She remembers Concerts by the Sea as a bright spot on their agenda: “a really great club” owned by “a very warm and friendly guy.” They brought along three fine musicians from San Francisco: John Mosher, Red Norvo’s former bassist; drummer Gary Nash; and a young vibraphonist, Brian Atkinson, who gave their sound an added glow.

Local jazz luminaries dropped by, including Julie London, her husband Bobby Troup, and songwriter Tommy Wolf, whose “Spring Can Really Hang You Up the Most” was immortalized in 1955 by Jackie. Also present were saxophonist Pat Britt and his pal Dennis Smith, a jazz DJ and the boyfriend of Roy’s sister, singer Irene Kral. Britt and Smith were producing live recordings on a small homegrown label, Studio 7. Midway through Jackie and Roy’s engagement, Rod Nicas was called to come in and record.

He captured their fearlessly esoteric repertoire. An obscure composer from Seattle, Robert L. Ragan, had written
I Wonder What’s the Matter with Me, a highlight of their 1966 Verve album, Lovesick. They race through it with the coordination of master jugglers. Dave Frishberg’s comment on modern-day soullessness, Wheelers and Dealers, was inspired by Oscar Wilde’s definition of a cynic: “One who knows the price of everything and the value of nothing.” That song impressed their longtime friend and fan, composer Alec Wilder, a self-anointed arbiter of all that was worthy and unworthy in popular music. Wilder could write tuneful songs like Walk Pretty (with words by Fran Landesman), and others that were as hard to navigate as a dark maze. One of the latter, Echoes of My Life, features an equally oblique lyric by his close friend Rogers Brackett. Jackie sings it with her usual clarity.

Mildred Bailey had recorded a lovely early effort of Wilder’s,
It’s So Peaceful in the Country, about a big-town sophisticate’s yearning for pastoral bliss. Roy was justly proud of his arrangement. The first chorus sounds as tranquil as a sunrise; then the song breaks into a sparkling vibes solo before ending in a lazy, stretched-out-under-the-stars feeling.

A moody wordless chorus opens
Corcovado, a samba by a composer the Krals had met in the ‘60s, Antônio Carlos Jobim. In his 1963 classic, Samba do Avião (Song of the Jet), Jobim detailed his joy as he flew home from New York and into his beloved Rio. The Runaround was written for the Krals that same year by Andre Previn and his then wife, lyricist-poet Dory Langdon, whose songs were the theme of Jackie and Roy’s Columbia album Like Sing.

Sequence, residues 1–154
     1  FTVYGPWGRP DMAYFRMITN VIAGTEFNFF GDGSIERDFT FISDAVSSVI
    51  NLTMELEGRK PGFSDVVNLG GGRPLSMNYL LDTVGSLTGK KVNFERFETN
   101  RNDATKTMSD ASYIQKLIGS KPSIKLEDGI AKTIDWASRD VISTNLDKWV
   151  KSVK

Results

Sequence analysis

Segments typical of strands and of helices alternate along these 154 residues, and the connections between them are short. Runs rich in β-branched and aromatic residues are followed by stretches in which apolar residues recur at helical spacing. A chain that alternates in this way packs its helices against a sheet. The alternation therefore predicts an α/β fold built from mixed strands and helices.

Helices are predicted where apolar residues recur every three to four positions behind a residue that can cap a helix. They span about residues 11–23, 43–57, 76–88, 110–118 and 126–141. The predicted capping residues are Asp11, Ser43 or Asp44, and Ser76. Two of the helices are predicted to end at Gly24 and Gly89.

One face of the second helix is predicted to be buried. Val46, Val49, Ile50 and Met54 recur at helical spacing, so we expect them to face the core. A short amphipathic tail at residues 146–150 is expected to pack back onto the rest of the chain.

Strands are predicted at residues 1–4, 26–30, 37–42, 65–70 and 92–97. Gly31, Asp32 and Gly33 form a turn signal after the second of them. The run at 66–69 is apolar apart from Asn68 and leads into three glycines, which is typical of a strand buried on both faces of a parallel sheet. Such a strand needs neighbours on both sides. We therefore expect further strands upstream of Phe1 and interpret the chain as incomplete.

At Concerts by the Sea, Jackie & Roy broke in some of the songs that would later form their tribute to the films of Humphrey Bogart. From
To Have and Have Not comes Hoagy Carmichael and Johnny Mercer’s philosophical take on romance, How Little We Know. Mercer, recalls Jackie, used to sit in his cups at various L.A. clubs and listen to her and Roy for hours. The Fat Man was written for the Bogart project by Roy and Fran Landesman, a Beat-era Dorothy Parker who went on to write hundreds of lyrics and many books of poems.

The Krals’ shows of the ‘60s and ‘70s acknowledged, with some reluctance, the pop-rock sounds of the day. Billy Joel’s
New York State of Mind would become a standard even though it was an album track (from Turnstiles), not a chart hit. “We heard it and said, it’s kind of good for a contemporary song,” says Jackie. Roy transformed it from R&B into lightly swinging jazz, with a unison scat chorus. Jackie solos teasingly on Sweet Surrender, a #15 hit for Bread in 1972. She and Roy even made a nod to fusion in their 1973 album for CTI, A Wilder Alias. Here they perform an acoustic version of Roy’s all-scat original, The Way We Are.

Perhaps this CD’s biggest find is a ballad available only here,
Winter Comes. The music is by Harvie Swartz, the Krals’ former bassist. “It was in a strange time figure that made it sort of catchy and interesting to us,” says Jackie. She wrote the moving lyric, whose theme of bravely soldiering on reflected her recent life: “Live for today, that’s what I say … The road to understanding comes into view/But laughs are all too few.”

Concerts by the Sea thrived until a greedy landlord hit Rumsey with a crippling rent hike. For a while he was forced to book commercial acts he hated, including Kenny G, but in 1985 he closed up shop and retired. Jackie and Roy, though, kept performing almost until Roy’s death. This CD holds great sentimental meaning for Jackie – as it will for anyone whose lives their music has touched.